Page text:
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Grace After Dinner
A Dog's Religion
His Duel With Captain D'esterre
The Upstart
His Birth
Wisdom
A Certificate Of Marriage
A Mistaken Frenchman
The Serenading Lover
A Courtier's Retort


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His Birth
His Defence Of Archibald Hamilton Rowan
His Reception At The Rotundo By The Volunteers
O'leary Versus Curran
His First Client
Curran At A Debating Society
Dr Sacheverell
His Interview With Daniel Danser
His Duel With Bully Egan
Mr Pulteney


Random Irish Humour

Swift's Peculiarity Of Humor
Dialogue Between Swift And His Landlord
The Serenading Lover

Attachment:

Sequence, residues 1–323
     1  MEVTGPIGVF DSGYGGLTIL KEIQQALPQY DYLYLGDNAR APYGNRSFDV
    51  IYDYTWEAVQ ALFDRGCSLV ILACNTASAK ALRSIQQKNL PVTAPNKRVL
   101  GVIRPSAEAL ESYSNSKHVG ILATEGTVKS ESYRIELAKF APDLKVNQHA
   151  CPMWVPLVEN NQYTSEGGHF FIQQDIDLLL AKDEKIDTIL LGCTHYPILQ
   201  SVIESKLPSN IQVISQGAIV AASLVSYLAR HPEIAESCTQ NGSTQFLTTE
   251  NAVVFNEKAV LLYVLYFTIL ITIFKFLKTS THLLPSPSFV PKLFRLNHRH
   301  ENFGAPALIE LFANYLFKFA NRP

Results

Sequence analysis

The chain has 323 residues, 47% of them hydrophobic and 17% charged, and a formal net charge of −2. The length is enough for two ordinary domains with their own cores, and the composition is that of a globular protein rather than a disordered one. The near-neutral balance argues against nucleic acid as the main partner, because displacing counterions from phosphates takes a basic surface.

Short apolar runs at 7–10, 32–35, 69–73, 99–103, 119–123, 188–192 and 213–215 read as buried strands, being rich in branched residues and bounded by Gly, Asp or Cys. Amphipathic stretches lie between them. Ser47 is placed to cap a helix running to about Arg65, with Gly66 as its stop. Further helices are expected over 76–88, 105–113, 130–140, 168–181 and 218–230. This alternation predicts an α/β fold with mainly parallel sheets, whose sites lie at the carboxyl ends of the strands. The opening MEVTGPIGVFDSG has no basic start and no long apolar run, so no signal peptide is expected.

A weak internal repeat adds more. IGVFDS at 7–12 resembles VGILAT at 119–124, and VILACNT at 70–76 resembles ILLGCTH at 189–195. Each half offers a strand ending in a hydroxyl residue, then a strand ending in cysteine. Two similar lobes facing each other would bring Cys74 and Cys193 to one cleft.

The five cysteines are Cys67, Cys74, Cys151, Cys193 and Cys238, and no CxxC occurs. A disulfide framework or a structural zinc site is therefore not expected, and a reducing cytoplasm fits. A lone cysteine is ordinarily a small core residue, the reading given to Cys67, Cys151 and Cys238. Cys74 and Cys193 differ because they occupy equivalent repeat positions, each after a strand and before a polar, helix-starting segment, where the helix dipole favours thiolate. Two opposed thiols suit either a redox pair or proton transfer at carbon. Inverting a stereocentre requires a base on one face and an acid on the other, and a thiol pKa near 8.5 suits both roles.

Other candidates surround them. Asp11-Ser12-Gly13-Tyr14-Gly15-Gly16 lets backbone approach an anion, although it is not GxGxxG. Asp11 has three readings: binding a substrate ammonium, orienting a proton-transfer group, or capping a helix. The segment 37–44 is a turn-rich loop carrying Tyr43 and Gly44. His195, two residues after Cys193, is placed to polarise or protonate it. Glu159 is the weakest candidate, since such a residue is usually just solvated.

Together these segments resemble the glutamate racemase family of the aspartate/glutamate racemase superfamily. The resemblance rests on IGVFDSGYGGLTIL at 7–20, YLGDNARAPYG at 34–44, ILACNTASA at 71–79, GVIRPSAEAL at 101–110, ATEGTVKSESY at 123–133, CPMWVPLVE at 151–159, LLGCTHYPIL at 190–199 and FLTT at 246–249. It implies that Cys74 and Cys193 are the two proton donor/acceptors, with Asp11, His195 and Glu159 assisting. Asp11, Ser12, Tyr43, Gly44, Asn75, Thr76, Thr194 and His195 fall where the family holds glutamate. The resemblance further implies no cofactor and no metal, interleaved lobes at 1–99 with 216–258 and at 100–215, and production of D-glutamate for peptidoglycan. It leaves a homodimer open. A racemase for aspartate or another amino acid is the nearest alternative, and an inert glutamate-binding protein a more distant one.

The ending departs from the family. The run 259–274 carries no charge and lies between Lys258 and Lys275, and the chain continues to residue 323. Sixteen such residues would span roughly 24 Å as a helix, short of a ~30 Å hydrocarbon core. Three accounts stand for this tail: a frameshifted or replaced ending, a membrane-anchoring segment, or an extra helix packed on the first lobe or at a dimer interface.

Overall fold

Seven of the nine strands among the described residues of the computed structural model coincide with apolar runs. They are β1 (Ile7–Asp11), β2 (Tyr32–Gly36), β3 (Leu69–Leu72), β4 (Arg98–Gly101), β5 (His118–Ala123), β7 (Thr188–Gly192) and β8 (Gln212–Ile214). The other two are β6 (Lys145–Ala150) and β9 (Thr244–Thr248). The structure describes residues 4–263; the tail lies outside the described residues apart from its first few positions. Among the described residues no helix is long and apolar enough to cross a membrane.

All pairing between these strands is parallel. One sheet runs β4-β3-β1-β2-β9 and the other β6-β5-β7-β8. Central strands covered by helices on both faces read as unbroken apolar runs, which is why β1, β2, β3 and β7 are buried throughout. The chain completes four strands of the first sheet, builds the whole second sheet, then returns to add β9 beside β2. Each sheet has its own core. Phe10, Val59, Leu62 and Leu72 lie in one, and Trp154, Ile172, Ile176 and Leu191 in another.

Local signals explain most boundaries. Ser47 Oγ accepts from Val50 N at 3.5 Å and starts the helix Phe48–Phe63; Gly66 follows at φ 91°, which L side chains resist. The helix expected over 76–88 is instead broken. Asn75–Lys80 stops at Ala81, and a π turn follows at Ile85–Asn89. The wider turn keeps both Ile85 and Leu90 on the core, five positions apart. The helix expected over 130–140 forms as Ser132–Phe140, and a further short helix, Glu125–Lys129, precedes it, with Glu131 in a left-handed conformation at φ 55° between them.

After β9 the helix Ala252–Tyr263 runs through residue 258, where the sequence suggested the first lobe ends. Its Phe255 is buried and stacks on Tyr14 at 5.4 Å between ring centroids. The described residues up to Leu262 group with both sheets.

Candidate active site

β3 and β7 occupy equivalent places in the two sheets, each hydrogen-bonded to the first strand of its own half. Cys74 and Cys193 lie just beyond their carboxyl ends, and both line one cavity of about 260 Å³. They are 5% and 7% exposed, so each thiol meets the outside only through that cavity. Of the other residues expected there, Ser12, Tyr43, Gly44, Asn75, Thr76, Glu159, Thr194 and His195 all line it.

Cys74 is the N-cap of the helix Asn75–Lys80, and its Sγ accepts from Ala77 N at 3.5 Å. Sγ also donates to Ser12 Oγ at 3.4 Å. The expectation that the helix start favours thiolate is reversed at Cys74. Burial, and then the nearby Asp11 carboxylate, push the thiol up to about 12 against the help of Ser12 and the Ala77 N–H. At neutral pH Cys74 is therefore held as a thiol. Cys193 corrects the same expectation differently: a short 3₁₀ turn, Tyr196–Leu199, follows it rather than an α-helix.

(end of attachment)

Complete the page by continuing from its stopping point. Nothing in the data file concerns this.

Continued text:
Dr Bolton
A Political Hurrah At A Funeral
Darby Moran
O'leary And The Irish Parliament
Curran And The Informer
O'leary And The Rector
Encounter With A Fishwoman




A Courtier's Retort

Irish Humour Home






While the prosecution for the Draper's fourth letter was depending,
Swift one day waited at the Castle for an audience of Lord Carteret, the
Lord Lieutenant, till his patience was exhausted; upon which he wrote
the following couplet on a window, and went away:--

My very good Lord, 'tis a very hard task,
For a man to wait here who has nothing to ask.

The Earl, upon this being shown to him, immediately wrote the following
answer underneath:--

My very good Dean, there are few who come here,
But have something to ask, or something to fear.





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